“Was not their mistake once more bred of the life of slavery that they had been living?—a life which was always looking upon everything, except mankind, animate and inanimate—‘nature,’ as people used to call it—as one thing, and mankind as another, it was natural to people thinking in this way, that they should try to make ‘nature’ their slave, since they thought ‘nature’ was something outside them” — William Morris

Wednesday, September 29, 2010


Along with OOO, Aristotle was a major (re)discovery of the summer. So I'm very glad that Levi Bryant has an excellent post up on his weirdness. I couldn't agree more. I actually found Aristotle's examples—paleness and being educated show up a lot—laugh-out-loud funny on more than one occasion. I see Levi matches Aristotle in this respect—very nicely done.

Graham Harman has a corresponding post up about the trouble with reading Aristotle as an authoritarian who likes putting things in rigid boxes. I couldn't agree more with this too. I have heard more than one Derrida-inclined thinker repeating this and felt so strongly about it that I decided to talk against it in my history of criticism undergrad class yesterday. Funny synchronicity.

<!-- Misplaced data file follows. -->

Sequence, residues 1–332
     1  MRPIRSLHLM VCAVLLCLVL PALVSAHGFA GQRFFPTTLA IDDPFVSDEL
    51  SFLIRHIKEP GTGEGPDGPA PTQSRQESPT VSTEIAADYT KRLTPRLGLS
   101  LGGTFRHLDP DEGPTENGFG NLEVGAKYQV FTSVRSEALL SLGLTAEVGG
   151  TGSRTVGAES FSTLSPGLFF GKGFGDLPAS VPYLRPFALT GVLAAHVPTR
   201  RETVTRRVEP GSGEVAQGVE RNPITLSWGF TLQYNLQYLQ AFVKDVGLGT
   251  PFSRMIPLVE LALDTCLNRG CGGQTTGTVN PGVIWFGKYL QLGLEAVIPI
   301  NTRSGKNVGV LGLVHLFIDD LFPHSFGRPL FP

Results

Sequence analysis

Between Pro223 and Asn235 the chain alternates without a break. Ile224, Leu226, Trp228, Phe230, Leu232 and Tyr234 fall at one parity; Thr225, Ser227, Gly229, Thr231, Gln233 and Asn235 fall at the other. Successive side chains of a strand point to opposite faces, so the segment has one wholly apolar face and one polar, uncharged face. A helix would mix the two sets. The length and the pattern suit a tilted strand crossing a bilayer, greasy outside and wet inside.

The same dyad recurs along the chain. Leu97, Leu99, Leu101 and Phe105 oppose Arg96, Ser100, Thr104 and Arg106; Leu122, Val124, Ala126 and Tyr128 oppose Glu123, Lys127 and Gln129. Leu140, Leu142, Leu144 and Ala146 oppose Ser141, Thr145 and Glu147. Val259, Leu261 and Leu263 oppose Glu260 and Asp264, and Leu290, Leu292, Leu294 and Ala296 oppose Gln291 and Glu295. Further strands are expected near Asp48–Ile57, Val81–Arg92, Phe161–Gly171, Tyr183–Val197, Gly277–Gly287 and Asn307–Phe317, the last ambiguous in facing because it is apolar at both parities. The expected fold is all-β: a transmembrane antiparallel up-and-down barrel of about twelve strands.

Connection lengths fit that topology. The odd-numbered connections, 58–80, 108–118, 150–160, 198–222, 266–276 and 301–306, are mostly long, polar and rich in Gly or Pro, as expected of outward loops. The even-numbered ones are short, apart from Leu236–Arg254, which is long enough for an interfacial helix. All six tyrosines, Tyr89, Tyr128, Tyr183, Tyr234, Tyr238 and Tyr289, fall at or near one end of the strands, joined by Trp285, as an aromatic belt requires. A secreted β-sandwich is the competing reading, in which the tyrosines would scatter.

For me Aristotle seems to exude a relish for actually existing THINGS. He very skilfully tugs your mind away from wanting to find some material substrate that underpins them all or some transcendental Idea or other umbrella under which they all fit (Graham's undermining and overmining). His critique of matter in general is totally riveting. I rather like the punchy demotic of the new Penguin edition of the Metaphysics.

So much so that Aristotle will provide the architecture for my talk on Levi's panel at RMMLA. Title: “We Aren't the World.” I'll be talking about global warming as an Aristotelian substance.

Do yourself a favor: read the Categories, the Physics and the Metaphysics.

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